Neuropharmacology 02/2015; 95. DOI:10.1016/j.neuropharm.2015.02.014 · 5.11 Impact Factor
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    ABSTRACT: Based on the discomfort/pain threshold during rectal distension, Irritable Bowel Syndrome (IBS) patients may be subtyped as normo- or hypersensitive. We previously showed that mucosal biopsy supernatants from IBS patients activated enteric and visceral afferent neurons. We tested the hypothesis that visceral sensitivity is linked to the degree of neuronal activation. Normo- and hypersensitive IBS patients were distinguished by their discomfort/pain threshold to rectal balloon distension with a barostat. Using potentiometric and Ca(2+) dye imaging, we recorded the response of guinea pig enteric submucous and mouse dorsal root ganglion (DRG) neurons, respectively, to mucosal biopsy supernatants from normosensitive (n = 12 tested in enteric neurons, n = 9 tested in DRG) and hypersensitive IBS (n = 9, tested in both types of neurons) patients. In addition, we analyzed the association between neuronal activation and individual discomfort/pain pressure thresholds. IBS supernatants evoked Ca(2+) transients in DRG neurons and spike discharge in submucous neurons. Submucous and DRG neurons showed significantly stronger responses to supernatants from hypersensitive IBS patients as reflected by higher spike frequency or stronger [Ca(2+)]i transients in a larger proportion of neurons. The neuroindex as a product of spike frequency or [Ca(2+)]i transients and proportion of responding neurons significantly correlated with the individual discomfort/pain thresholds of the IBS patients. Supernatants from hypersensitive IBS patients caused stronger activation of enteric and DRG neurons. The level of activation correlated with the individual discomfort/pain threshold pressure values. These findings support our hypothesis that visceral sensitivity is linked to activation of peripheral neurons by biopsy supernatants. This article is protected by copyright. All rights reserved.
    Experimental physiology 06/2014; 99(10). DOI:10.1113/expphysiol.2014.080036 · 2.67 Impact Factor
  • Michel Neunlist · Michael Schemann ·
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    ABSTRACT: The enteric nervous system (ENS) integrates numerous sensory signals in order to control and maintain normal gut functions. Nutrients are one of the prominent factors which determine the chemical milieu in the lumen and, after absorption, also within the gut wall. This topical review summarizes current knowledge on the impact of key nutrients on ENS functions and phenotype, covering their acute and long-term effects. Enteric neurones contain the molecular machinery to respond specifically to nutrients. These transporters and receptors are not expressed exclusively in the ENS but are also present in other cells such as enteroendocrine cells (EEC) and extrinsic sensory nerves, signalling satiety or hunger. Glucose, amino acids and fatty acids all activate enteric neurones, as suggested by enhanced c-Fos expression or spike discharge. These excitatory effects are the result of a direct neuronal activation but also involve activation of EEC which, upon activation by luminal nutrients, release mediators such as ghrelin, cholecystokinin or serotonin. The presence or absence of nutrients in the intestinal lumen induces long-term changes in neurotransmitter expression, excitability, neuronal survival and ultimately impact upon gut motility, secretion or intestinal permeability. Together with EEC and vagal nerves, the ENS must be recognized as an important player initiating concerted responses to nutrients. It remains to be studied how, for instance, nutrient-induced changes in the ENS may influence additional gut functions such as intestinal barrier repair, intestinal epithelial stem cell proliferation/differentiation and also the signalling of extrinsic nerves to brain regions which control food intake. This article is protected by copyright. All rights reserved.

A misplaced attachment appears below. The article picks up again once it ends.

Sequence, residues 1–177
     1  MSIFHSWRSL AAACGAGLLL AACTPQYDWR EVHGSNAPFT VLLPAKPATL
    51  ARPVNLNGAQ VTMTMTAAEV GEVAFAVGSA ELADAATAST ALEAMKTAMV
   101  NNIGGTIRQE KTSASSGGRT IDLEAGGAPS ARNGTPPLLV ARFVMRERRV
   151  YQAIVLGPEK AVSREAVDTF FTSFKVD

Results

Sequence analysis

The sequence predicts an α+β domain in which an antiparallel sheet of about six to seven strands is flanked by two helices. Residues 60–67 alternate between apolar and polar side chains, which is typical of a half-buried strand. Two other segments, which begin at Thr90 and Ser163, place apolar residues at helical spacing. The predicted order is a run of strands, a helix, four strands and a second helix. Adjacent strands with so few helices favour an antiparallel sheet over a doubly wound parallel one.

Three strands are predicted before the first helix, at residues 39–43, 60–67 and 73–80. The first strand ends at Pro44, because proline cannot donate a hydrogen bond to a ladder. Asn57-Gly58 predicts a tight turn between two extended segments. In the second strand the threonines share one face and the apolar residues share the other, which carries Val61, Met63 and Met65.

The Journal of Physiology 06/2014; 592(14). DOI:10.1113/jphysiol.2014.272948 · 5.04 Impact Factor

  • Gastroenterology 05/2014; 146(5):S-82-S-83. DOI:10.1016/S0016-5085(14)60296-1 · 16.72 Impact Factor
  • Y Nasser · G E Boeckxstaens · M M Wouters · M Schemann · S Vanner ·